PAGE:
Glomerular disease was the predominant cause of kidney disease, similar to findings in multiple studies in Nigerian tertiary facilities [1924]. There was a clear immunological delineation between cases of nephrotic and nephritic syndromes. Nephritic syndrome biochemistry was consistent with a post infectious aetiology suggested by significantly high ASOT and low C3 at presentation, consistent with a post infectious glomerulonephritis [25, 26]; C3 that increased and normalised at follow up.

In this study, 47% of patients with nephrotic syndrome were steroid responsive. Steroid sensitivity of nephrotic syndrome in black African children seems to vary, while previous studies reported low rates, current studies have shown response rates as high as 75.9% in some parts of Nigeria [27]. Seven of the 15 patients with nephrotic syndrome presented with unusual findings: they all had hypertension, six had persistent microscopic haematuria and four had renal insufficiency. These patients present a diagnostic challenge in the absence of kidney histopathology. However, the classification of nephrotic syndrome was due to no history of antecedent infection and low ASOT level, no frank haematuria and normal complement C3 levels. These findings may be consistent with the clinical phenotype of childhood focal segmental glomerulosclerosis (FSGS). The identification of this population is very important due to the poor outcomes associated with FSGS in black patients of African descent [28] who require more aggressive treatment in order to mitigate the risk of progression to CKD and mortality. Additionally, a significant proportion of our patients presented with advanced kidney damage of unclear aetiology. Glomerular disease was suggested by the presence of significant proteinuria and microscopic haematuria. Chronicity of disease was based on the finding of small kidneys in four of the six patients on renal ultrasound scan. This suggests previously undiagnosed or sub-optimally managed glomerulonephritis. Patients with CKD stage G5 had the worst outcome due to the unavailability of renal replacement therapy as a therapeutic option during the time of the study.

A significant proportion of patients in our study presented with AKI as a consequence of an underlying primary renal lesion. Acute kidney injury has been shown to significantly increase the risk of developing chronic kidney disease and progression to ESKD [29] which in a setting without paediatric nephrologists and renal replacement therapy leads to high mortality.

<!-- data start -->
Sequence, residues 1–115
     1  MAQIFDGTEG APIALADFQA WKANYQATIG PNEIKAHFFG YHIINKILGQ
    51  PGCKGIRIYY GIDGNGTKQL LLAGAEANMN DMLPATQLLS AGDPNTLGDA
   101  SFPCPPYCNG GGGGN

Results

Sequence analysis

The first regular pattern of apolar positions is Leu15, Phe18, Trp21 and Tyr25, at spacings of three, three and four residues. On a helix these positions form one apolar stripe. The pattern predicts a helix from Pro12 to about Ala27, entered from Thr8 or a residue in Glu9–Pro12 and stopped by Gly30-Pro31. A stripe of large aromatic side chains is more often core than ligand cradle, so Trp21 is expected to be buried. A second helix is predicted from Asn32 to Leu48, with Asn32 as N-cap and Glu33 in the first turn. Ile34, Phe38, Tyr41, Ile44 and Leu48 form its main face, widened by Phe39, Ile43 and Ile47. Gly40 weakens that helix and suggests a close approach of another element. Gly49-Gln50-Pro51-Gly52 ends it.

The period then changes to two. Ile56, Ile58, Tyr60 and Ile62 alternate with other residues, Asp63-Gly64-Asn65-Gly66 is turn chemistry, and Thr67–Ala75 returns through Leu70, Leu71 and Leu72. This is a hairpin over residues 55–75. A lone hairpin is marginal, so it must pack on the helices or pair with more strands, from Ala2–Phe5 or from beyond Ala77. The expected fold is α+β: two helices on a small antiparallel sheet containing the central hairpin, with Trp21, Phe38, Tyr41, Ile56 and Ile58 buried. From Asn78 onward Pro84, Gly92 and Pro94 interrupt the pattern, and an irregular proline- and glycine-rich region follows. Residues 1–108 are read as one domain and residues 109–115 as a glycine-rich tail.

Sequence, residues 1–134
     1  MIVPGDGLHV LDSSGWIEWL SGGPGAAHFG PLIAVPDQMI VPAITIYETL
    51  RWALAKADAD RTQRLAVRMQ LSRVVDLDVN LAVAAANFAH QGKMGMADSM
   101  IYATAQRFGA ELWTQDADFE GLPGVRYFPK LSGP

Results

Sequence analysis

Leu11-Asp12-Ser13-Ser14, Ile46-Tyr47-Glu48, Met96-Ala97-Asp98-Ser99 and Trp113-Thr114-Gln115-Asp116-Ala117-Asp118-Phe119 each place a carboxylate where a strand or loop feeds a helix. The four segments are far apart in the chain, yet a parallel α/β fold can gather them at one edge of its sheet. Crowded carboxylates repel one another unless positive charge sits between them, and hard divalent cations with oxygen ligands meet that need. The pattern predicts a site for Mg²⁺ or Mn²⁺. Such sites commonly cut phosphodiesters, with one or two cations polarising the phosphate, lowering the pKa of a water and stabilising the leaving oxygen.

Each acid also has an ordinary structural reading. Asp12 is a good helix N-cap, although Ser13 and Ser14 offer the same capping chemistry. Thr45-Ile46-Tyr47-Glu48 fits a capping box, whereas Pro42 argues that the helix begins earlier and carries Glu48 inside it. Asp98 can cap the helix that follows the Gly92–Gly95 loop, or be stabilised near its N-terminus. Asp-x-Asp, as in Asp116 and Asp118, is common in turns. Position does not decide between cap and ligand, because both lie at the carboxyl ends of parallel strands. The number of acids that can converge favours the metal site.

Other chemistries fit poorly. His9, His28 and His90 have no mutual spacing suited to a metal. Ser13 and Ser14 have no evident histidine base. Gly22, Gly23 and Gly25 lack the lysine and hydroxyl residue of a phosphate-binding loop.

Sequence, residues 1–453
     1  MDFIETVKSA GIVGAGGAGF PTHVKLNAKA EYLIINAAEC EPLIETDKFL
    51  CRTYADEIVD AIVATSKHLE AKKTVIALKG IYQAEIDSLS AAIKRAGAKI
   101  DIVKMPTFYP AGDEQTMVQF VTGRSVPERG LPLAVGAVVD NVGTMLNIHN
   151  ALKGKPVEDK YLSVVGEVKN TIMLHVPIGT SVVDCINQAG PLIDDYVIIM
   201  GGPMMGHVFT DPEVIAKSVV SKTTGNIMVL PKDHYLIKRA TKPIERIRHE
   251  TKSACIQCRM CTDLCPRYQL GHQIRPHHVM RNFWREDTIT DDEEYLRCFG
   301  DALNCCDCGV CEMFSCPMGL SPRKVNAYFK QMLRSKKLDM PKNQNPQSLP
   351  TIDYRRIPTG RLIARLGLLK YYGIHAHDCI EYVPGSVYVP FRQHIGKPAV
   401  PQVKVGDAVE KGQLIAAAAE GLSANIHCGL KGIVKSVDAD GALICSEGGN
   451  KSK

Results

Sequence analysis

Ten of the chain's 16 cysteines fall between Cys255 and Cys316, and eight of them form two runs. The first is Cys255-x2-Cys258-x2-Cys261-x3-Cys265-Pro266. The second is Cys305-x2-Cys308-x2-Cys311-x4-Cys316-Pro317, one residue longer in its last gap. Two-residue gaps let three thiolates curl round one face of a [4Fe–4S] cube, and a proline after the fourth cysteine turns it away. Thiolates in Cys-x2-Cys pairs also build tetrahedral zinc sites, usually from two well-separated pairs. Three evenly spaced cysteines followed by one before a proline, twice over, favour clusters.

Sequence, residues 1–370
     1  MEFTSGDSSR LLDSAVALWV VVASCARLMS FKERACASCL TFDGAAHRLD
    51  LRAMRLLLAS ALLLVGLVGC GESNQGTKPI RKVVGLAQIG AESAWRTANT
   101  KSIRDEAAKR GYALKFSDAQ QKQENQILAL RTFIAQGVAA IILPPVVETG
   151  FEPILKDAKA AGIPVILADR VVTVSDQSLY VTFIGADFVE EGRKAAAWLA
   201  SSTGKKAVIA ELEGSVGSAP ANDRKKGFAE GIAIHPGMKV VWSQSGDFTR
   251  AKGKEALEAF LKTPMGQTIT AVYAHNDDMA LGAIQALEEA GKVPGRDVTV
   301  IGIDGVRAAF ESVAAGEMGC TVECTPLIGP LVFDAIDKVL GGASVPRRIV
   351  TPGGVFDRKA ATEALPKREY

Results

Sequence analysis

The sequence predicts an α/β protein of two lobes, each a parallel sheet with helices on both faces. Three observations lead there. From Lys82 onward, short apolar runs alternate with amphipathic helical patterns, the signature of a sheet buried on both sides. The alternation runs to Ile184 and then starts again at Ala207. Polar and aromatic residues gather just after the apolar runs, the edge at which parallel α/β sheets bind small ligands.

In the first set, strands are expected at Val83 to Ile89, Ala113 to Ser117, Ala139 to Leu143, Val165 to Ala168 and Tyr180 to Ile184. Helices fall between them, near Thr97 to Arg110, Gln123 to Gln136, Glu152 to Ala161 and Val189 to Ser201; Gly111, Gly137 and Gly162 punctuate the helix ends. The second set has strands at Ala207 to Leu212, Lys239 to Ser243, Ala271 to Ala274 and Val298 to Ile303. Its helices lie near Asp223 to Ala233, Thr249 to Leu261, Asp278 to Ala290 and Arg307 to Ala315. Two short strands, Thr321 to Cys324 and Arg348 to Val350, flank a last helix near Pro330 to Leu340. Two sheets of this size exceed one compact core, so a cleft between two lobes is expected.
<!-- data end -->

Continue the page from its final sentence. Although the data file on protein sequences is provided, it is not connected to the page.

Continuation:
Patients with nephritic syndrome exhibited clinical improvement with supportive care. Three patients with nephritic syndrome and AKI developed CKD, underscoring the risk of progression to CKD in patients with nephritic syndrome and AKI. Obstructive uropathy secondary to posterior urethral valves showed improvement after surgical intervention, highlighting the benefit of specialist evaluation and prompt referral to tertiary surgical services.

The overall outcome in patients in this study is poor. Late presentation to hospital may have also contributed to poor outcome, and low socio-economic status possibly contributed to the high rate of loss to follow up, despite the provision of transport refunds to facilitate clinic attendance. Public transport is unreliable in rural areas and contributes to poor access to health care, highlighting challenges in the provision of optimal health services in a resource limited setting. Furthermore, some patients who originally presented with oedema due to nephrotic syndrome might not have returned once their presenting oedema resolved as the family may have presumed the symptoms would not recur. Lack of awareness of kidney disease and diagnostic limitations in primary and secondary health facilities may have contributed to late presentation which reduces opportunities for early and specialist disease modifying interventions.

Our study also provides a clinical, immunological and biochemical profile of children with proteinuric kidney disease at QECH. Poor socio-economic circumstances are prevalent globally, suggesting our study may be applicable in similar patient populations. Access to the immunological diagnostic investigations we performed cannot easily be sustained in a resource limited setting, reaffirming the importance of good clinical history and examination as a diagnostic tool. Our data will add to knowledge of the management of paediatric kidney disease and outlines its poor outcomes in some groups but also the potential positive benefit that conservative care with accessible interventions in Malawi and similar settings can provide, especially in patients with glomerular lesions.